Health Care Reform Causing Big Worries for Small Business Owners

Health Care Reform Causing Big Worries for Small Business Owners

Republican efforts to replace the Affordable Care Act came to a halt Tuesday as the Senate’s health care bill failed to garner the support needed to pass. Senate Majority Leader Mitch McConnell conceded that his party lacked support for the bill, after six months of attempts to pass a replacement for the ACA. McConnell is now moving to pass a repeal bill, with a vote early next week, and that’s causing big worries for many small business owners.

Small business sentiment fell again in June as business owners grew increasingly impatient with gridlock on Capitol Hill, particularly when it comes to passing health care reform legislation. For smaller businesses, providing health care benefits can be a significant expense.

Small business owners and the self-employed already face higher premiums and fewer choices under the ACA than those insured under larger group policies; however, the reality is that the ACA has helped many small businesses afford employee health-care coverage. Before the ACA, coverage was more sparse and premiums even higher. According to a Department of Health and Human Services report, nearly one out of five insurance applicants were denied coverage due to pre-existing conditions, and more than a third were charged higher rates. Now more than 12 million people have purchased insurance policies through the HealthCare.gov marketplace.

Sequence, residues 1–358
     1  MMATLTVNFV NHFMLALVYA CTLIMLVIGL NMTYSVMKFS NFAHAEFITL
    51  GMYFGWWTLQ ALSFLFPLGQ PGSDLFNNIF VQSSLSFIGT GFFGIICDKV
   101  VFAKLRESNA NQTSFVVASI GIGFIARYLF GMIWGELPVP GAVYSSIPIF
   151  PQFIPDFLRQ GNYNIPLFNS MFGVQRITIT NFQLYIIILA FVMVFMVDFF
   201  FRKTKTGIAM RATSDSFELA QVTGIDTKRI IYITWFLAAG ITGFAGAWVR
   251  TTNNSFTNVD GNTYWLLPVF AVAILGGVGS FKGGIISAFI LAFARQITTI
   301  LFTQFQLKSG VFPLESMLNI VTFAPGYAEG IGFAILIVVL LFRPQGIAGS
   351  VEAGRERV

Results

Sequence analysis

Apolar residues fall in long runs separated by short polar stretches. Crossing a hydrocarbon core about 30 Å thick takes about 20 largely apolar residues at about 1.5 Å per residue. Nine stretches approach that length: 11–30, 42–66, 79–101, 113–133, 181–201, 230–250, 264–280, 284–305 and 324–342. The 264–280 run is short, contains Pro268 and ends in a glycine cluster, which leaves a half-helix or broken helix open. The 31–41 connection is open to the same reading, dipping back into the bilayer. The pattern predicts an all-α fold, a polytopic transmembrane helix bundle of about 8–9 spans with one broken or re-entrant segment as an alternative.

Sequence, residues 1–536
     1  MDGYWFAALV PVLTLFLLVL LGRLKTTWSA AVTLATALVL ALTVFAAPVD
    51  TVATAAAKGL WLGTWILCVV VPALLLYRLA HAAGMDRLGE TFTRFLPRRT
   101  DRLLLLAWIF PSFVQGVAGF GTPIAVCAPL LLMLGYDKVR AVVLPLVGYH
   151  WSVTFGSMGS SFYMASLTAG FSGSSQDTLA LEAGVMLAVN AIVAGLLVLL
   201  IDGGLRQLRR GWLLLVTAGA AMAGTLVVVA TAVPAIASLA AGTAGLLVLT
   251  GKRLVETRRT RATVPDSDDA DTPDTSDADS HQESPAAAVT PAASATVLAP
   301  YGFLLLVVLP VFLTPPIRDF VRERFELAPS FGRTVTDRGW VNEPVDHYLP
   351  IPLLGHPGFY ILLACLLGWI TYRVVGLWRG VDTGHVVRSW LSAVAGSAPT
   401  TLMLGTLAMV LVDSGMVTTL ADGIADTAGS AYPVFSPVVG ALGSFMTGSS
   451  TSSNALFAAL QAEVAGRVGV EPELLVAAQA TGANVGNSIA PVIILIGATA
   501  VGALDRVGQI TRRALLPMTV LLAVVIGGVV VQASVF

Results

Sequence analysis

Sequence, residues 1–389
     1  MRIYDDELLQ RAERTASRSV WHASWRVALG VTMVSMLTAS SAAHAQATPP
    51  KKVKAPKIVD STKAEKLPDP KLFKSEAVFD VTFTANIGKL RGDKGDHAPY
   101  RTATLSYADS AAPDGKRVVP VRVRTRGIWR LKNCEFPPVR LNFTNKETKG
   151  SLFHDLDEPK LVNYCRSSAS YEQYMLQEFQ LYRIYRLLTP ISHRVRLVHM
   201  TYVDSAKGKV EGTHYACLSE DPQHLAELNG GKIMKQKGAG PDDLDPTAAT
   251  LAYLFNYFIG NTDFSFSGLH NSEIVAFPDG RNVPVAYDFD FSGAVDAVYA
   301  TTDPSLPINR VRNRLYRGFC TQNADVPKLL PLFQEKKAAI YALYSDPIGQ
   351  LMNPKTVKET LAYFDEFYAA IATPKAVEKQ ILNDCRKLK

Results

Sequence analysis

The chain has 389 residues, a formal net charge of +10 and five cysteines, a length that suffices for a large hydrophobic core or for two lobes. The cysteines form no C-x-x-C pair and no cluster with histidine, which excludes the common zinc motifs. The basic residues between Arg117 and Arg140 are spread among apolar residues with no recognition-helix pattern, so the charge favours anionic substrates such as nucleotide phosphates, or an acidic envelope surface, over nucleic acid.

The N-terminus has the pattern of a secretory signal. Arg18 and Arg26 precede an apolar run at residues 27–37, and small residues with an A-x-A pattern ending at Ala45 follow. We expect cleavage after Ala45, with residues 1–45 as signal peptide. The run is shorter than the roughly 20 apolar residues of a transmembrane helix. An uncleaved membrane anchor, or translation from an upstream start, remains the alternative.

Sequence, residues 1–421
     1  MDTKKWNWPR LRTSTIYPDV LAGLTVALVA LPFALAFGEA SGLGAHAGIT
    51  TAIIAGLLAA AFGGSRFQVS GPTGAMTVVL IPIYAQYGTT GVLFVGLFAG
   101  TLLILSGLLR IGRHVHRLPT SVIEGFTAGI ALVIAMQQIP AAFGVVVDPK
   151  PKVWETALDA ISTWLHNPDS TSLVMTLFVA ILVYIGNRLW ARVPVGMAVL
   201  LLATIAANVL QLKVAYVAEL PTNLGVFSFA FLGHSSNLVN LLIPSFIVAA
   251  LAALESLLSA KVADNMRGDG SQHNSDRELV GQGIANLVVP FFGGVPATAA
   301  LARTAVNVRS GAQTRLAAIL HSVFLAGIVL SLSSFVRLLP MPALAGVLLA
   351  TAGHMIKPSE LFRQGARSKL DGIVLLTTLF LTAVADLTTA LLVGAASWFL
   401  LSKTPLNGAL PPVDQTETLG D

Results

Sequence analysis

“Small-business owners who are now dependent upon the marketplace for coverage are scared to death that it might go away,” said John Arensmeyer, founder and CEO of the advocacy group Small Business Majority.

Linda McMahon, head of the U.S. Small Business Administration, endorsed the plan to repeal the ACA without offering a replacement, saying it’s clear “Obamacare is imploding on its own” and that many small business owners who want to provide health care for their employees can’t do it now.

“I certainly don’t feel the repeal portion will be ‘ok, today it stops.’ There will have to be some wind-down period and I think common sense will prevail on how to do that,” McMahon said.

However, other republican policymakers favor a less rushed, more collaborative approach, calling for more committee hearings to craft a health care bill that attracts bipartisan support. According to Republican Senator Susan Collins of Maine, repealing without a replacement would “create great uncertainty for individuals who rely on the ACA and cause further turmoil in the insurance markets.”